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Psychedelic Press UK

The following article has been written by Oliver Genn-Bash, current president of the University of Kent, Canterbury, Psychedelics Society. He can be reached at:

‘A good traveller has no fixed destination, and is not intent on arriving’ – Lao Tzu[1]

Taoist philosophy is extremely interesting when looking at it within the context of the psychedelic experience. Whilst there is largely a consensus regarding the subjectivity of the psychedelic experience there are certain common aspects which seem to permeate the experience from individual to individual, despite the supposed subjective nature of it. Taoism may ultimately provide us with a framework through which to understand the psychedelic experience in a constructive manner, whereby we may be able to examine various seemingly intuitive revelations through a certain lens.

The first point I want to make regards the notion of the self within the psychedelic experience. Losing our sense of self is…

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“Both meditation and psychedelics are close to my heart. I’m grateful to both of them for having shown me that true essence of the heart, which is the heart of everyone and everything, our ultimate belonging and source of meaning. For starters, psychedelics began disrupting my, up until then, fairly smooth and protected life – enough to be able to ask, for the first time, a deep and urgent question. This kind of questioning goes far beyond words and concepts and leaves nothing untouched. We think we know about ourselves and the world. It is incredibly freeing and quite confusing. Next, meditation harmonized it all again, so that I could live with a measure of integrity and ease. Then, after many years of rigorous formal practice and complete abstinence, psychedelics have once again inspired my beginner’s mind’, getting me out of the habits and ruts that seem to be part of the package deal of life and which, though necessary and comforting, stand in the way of our fresh, direct experience. Now, I haven’t traveled the psychedelic path much for about two years. It looks like everything has its time, life comes in cycles.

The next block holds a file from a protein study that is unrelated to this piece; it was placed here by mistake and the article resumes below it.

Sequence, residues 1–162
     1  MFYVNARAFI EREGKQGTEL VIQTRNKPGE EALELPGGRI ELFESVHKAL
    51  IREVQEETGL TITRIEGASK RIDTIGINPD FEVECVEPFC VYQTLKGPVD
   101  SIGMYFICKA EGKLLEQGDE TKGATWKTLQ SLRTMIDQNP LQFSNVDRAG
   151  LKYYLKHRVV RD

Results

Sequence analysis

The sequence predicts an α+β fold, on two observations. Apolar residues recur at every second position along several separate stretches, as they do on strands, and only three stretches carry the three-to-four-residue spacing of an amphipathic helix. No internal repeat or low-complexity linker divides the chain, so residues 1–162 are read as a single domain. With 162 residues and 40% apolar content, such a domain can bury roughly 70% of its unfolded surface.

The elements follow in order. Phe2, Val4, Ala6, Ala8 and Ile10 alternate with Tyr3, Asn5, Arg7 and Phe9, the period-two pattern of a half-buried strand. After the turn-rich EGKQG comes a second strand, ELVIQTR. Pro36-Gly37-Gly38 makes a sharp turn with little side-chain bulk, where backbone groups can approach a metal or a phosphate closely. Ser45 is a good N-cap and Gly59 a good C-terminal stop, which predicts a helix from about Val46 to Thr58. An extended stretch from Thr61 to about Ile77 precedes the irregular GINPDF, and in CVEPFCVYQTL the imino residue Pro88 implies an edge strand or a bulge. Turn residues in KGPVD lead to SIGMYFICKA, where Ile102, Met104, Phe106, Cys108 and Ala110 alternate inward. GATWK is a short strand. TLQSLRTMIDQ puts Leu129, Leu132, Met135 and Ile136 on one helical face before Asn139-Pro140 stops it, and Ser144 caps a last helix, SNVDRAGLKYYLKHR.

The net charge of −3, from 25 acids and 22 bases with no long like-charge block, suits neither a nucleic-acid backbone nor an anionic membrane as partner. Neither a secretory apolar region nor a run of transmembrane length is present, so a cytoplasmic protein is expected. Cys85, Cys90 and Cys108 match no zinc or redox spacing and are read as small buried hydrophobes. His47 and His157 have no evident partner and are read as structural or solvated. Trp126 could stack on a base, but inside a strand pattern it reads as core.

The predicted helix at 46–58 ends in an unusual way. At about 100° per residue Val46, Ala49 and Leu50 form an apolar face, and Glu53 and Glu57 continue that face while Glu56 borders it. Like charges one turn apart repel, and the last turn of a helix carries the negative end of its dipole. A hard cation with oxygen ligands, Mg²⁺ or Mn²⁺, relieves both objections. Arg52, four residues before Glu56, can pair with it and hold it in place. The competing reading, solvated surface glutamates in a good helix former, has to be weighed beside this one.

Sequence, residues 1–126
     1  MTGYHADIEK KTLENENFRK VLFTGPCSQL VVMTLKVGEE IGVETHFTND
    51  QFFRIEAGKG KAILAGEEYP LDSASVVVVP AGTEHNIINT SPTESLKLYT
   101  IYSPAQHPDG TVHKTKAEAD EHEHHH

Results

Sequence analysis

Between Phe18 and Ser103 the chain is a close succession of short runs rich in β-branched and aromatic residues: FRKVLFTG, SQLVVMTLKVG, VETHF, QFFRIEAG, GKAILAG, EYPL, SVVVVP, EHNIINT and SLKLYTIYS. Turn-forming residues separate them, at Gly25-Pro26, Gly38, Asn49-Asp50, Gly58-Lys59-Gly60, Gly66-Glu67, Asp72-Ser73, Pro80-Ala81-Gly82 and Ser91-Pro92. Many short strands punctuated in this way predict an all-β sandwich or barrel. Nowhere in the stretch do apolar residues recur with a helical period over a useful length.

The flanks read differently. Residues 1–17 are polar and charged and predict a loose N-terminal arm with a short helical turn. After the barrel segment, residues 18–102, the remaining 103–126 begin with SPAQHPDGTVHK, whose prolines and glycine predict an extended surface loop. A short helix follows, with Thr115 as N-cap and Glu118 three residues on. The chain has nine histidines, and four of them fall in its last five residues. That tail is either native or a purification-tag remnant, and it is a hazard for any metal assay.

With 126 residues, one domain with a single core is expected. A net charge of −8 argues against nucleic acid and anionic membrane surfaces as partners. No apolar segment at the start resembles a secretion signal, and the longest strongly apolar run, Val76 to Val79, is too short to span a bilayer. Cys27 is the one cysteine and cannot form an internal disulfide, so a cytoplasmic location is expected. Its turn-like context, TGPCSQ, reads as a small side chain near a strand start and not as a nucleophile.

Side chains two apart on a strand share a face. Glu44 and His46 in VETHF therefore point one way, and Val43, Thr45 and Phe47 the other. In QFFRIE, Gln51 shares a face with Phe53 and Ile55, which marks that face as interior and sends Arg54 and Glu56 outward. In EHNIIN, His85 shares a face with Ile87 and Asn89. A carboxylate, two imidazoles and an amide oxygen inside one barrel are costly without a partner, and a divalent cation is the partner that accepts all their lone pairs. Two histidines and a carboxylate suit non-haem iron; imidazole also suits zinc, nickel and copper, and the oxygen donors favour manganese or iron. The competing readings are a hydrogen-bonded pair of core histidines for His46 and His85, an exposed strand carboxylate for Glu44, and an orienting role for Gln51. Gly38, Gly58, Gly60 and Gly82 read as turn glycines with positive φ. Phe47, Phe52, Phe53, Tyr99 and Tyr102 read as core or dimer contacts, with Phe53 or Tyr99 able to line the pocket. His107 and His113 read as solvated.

This is how it was for me, and it does not seem to be so unusual. The dramatic rise of interest in Yoga, meditation and eastern religion in the 60s and 70s was closely related to the psychedelic movement. A poll conducted by the Buddhist magazine “Tricycle” shows that 83% of the 1,454 respondents had some firsthand experience with psychedelics.